Apr
10

Let’s Remember Willie Nelson for More Than Marijuana

April 10, 2012 - By Trigger  //  Random Notes  //  21 Comments

Today it was announced that a new statue of Willie Nelson will be erected in Austin, TX, commemorating the country music legend whose career now spans over 50 years. The bronze statue is a gift from the not-for-profit organization Capitol Area Statues. It stands 8-feet tall and weighs 1 ton, at a cost of about $300,000. It was created by sculptor Clint Shields, who told The Rolling Stone he had a difficult task of making sure he represented all the eras of Willie, from the Outlaw of the 70′s, to the face of Farm Aid in the 80′s, to today.

The statue will sit at the base of the stairs to ACL Live’s Moody Theater where Austin City Limits is taped, at the W Austin Hotel downtown. The statue was initially unveiled to a small group in Austin on November 14th (see image of statue), but the public unveiling will happen the same day Willie Nelson and many other artists are scheduled to perform at the “We Walk The Line” tribute commemorating Johnny Cash’s 80th birthday on April 20th, aka 4/20. The statue will also officially be unveiled at 4:20 PM “as a nod to the country star’s reputation as a stoner.”

As Saving Country Music pointed out last August, asking if Willie Nelson was becoming a “pot punchline”:

Willie Nelson is an American treasure, one of the worlds greatest pacifists, an advocate for farmers, biofuels, and countless other causes, as well as being one of the most revered living American artists, and one of the greatest country music legends of all time. His album Red Headed Stranger is disputably the greatest, most important country album ever. But as time goes on, what Willie seems to be best known for is a guy who happens to smoke pot.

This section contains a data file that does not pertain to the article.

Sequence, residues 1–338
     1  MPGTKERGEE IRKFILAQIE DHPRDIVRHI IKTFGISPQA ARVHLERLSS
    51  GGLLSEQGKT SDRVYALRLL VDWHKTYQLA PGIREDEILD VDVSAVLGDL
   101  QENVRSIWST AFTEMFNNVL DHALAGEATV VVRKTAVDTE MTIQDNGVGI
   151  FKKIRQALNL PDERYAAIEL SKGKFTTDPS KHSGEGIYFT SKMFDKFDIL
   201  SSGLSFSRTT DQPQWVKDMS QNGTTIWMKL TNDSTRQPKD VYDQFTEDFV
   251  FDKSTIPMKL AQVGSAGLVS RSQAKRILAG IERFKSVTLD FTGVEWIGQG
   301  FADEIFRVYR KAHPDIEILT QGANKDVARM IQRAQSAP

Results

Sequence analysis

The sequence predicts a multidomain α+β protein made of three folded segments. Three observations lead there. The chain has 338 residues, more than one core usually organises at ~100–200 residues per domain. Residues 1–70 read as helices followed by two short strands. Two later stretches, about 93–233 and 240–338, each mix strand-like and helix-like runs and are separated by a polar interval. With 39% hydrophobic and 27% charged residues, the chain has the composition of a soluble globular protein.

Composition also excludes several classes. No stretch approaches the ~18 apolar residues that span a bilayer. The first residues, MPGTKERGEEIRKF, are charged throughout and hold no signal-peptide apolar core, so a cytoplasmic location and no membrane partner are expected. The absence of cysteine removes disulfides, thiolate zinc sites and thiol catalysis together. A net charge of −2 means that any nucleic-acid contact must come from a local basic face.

…what I am concerned with is that Willie’s weed identity is trumping, if not marginalizing the other accomplishments of one of our country’s elder statesmen, including his marijuana advocacy work…If marijuana was legal, it would simply be a footnote to Willie’s legacy, like a baseball player’s favorite ice cream.

The 4/20 unveiling of the Willie Nelson statue happens to be a convenient date when Willie and other music dignitaries will already be in attendance at the Moody Theater, but unveiling it right at 4:20 PM reinforces what Willie Nelson’s legacy is becoming in the eyes of popular culture.

Statue creator Clint Shields said that while creating the likeness, he was concerned about the statue’s impact “especially a younger generation (that) grew fond of him during his more mature years.” Willie Nelson’s songs have long since left radio. He can’t be found on country awards shows. There’s no Willie Nelson videos on MTV or CMT. The way most of the younger generation and popular culture interface with Willie Nelson is through TMZ stories about his marijuana arrests, collaborations with Snoop Dogg on stoner songs, and stories like The Rolling Stone article above that mentions little about his music or other accomplishments.